Preaching the gospel is noble but using the gospel to gain worldly advantage is deplorable. Consider some of Wesley's recollections for June 10, 1757 as he addressed a public crowd in Scotland:
At six, William Coward and I went to the market house. We stayed some time, and neither man, woman, nor child came near us. At length I began singing a Scotch psalm, and fifteen or twenty people came within hearing, but with great circumspection, keeping their distance as though they knew not what might follow. But while I prayed, their number increased; so that in a few minutes there was a pretty large congregation. I suppose the chief men of the town were there; and I spared neither rich nor poor. I almost wondered at myself, it not being usual with me to use so keen and cutting expressions; and I believe many felt that, for all their form, they were but heathens still.
Wesley blasted 'em with the truth. What a sentence this is: "I suppose the chief men of the town were there; and I spared neither rich nor poor." Wesley didn't rip the poor while comforting the rich; he took both to task. John Wesley didn't care for their applause—he cared for their souls! The English evangelist felt that he challenged them not to take refuge in an empty form of religion but press forward to Spiritual reality.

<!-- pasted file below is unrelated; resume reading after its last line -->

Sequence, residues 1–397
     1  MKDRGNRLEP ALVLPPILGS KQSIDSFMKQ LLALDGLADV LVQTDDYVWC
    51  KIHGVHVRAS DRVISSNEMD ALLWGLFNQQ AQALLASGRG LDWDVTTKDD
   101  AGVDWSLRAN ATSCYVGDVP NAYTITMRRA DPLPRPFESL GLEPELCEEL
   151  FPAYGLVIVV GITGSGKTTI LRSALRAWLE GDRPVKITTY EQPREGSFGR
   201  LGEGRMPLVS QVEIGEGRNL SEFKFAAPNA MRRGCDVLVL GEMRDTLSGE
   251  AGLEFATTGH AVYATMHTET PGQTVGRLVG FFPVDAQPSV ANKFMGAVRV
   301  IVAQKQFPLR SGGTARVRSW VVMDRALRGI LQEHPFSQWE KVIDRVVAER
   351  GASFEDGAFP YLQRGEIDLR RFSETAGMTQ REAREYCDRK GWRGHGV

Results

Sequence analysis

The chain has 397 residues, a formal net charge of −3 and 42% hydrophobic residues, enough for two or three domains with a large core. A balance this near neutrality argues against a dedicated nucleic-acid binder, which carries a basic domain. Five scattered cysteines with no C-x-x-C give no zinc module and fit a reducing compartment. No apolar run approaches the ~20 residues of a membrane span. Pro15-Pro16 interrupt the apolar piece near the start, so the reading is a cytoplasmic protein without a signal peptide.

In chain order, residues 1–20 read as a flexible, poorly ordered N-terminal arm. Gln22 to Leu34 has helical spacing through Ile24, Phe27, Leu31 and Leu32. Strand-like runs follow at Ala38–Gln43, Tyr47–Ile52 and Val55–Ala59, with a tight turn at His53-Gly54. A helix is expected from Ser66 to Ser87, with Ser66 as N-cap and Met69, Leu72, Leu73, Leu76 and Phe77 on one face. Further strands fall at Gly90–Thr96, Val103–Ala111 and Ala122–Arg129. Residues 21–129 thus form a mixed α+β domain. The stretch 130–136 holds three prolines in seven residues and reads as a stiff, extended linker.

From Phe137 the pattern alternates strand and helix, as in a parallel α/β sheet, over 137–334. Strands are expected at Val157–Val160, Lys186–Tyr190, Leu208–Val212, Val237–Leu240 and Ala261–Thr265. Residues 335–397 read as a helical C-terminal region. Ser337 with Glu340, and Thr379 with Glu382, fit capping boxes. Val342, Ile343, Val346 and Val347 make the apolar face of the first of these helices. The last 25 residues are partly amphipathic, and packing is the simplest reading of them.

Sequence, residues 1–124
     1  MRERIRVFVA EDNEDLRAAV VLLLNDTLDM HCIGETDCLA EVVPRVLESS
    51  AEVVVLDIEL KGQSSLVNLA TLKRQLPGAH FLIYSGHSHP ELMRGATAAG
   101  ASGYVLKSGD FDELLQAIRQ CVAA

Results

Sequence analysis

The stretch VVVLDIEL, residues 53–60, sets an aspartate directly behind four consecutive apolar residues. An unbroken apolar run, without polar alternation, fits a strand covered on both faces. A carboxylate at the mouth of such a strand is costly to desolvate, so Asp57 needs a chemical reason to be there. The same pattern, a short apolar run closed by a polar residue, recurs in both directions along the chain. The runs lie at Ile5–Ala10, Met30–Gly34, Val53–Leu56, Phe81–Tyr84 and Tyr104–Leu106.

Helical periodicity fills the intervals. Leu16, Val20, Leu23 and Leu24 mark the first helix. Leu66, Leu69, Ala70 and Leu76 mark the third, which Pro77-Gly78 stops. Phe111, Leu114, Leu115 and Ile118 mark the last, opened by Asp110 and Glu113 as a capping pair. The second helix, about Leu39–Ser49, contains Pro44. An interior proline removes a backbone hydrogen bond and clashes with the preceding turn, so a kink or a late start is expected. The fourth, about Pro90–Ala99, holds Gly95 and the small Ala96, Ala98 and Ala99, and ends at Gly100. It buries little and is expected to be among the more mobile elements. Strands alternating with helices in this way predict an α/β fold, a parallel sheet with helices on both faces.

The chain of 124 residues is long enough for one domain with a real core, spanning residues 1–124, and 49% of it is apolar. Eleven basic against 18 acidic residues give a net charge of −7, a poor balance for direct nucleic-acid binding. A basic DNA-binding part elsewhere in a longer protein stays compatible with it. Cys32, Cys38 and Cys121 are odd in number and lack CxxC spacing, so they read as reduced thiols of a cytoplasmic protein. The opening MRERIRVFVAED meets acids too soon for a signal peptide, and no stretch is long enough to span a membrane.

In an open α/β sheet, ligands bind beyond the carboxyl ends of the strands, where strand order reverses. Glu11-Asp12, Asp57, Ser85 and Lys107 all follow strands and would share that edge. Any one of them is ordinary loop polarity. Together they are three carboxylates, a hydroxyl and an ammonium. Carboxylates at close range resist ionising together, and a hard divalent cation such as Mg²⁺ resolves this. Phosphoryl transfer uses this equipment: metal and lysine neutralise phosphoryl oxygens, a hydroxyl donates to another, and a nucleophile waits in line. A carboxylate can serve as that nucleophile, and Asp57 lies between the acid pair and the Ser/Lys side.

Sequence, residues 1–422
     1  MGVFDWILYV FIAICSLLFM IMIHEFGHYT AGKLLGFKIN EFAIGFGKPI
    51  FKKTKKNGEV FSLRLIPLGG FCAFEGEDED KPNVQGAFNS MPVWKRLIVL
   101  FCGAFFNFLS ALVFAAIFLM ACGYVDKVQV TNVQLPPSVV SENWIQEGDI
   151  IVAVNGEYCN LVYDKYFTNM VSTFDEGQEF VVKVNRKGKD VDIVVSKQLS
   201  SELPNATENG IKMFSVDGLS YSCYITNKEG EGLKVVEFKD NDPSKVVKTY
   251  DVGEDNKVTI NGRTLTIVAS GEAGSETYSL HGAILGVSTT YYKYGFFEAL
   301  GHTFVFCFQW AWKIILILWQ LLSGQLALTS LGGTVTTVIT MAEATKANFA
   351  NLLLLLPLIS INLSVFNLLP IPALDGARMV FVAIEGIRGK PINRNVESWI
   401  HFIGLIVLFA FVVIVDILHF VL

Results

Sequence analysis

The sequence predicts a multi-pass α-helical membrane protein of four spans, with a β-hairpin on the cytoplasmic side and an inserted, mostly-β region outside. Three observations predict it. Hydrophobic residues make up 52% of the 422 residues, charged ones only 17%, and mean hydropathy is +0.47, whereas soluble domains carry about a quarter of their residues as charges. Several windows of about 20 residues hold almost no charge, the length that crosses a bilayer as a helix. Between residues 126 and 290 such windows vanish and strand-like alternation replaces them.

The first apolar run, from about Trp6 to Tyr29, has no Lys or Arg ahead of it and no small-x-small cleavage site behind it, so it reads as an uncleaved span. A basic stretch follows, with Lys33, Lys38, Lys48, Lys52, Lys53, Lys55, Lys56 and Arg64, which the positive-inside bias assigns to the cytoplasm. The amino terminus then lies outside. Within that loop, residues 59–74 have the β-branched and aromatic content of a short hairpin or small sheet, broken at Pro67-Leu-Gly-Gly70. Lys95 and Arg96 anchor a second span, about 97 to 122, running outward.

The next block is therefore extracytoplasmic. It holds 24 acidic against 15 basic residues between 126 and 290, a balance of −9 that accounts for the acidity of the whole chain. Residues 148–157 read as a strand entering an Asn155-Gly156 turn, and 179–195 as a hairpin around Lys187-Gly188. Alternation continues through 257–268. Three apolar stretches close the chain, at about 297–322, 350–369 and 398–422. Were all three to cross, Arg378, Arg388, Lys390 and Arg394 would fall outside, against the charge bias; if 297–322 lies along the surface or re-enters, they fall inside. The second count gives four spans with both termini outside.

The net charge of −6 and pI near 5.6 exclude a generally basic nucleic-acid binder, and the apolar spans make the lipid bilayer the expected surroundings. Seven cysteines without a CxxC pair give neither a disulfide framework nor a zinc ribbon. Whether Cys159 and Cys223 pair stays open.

This reminds me of God's unique calling of Ezekiel to prophetic ministry. He ordered him to guide the Jewish exiles in Babylon:
I send you to them, and you shall say to them, "Thus says the Lord GOD." And whether they hear or refuse to hear (for they are a rebellious house) they will know that a prophet has been among them. And you, son of man, be not afraid of them, nor be afraid of their words, though briers and thorns are with you and you sit on scorpions. Be not afraid of their words, nor be dismayed at their looks, for they are a rebellious house. And you shall speak my words to them, whether they hear or refuse to hear, for they are a rebellious house. (Eze 2.4b-7 ESV)Wow! God told Ezekiel that they might not pay attention but that wasn't the prophet's concern. Ezekiel's concern was to be faithful to the message.
We are called to be faithful, not popular.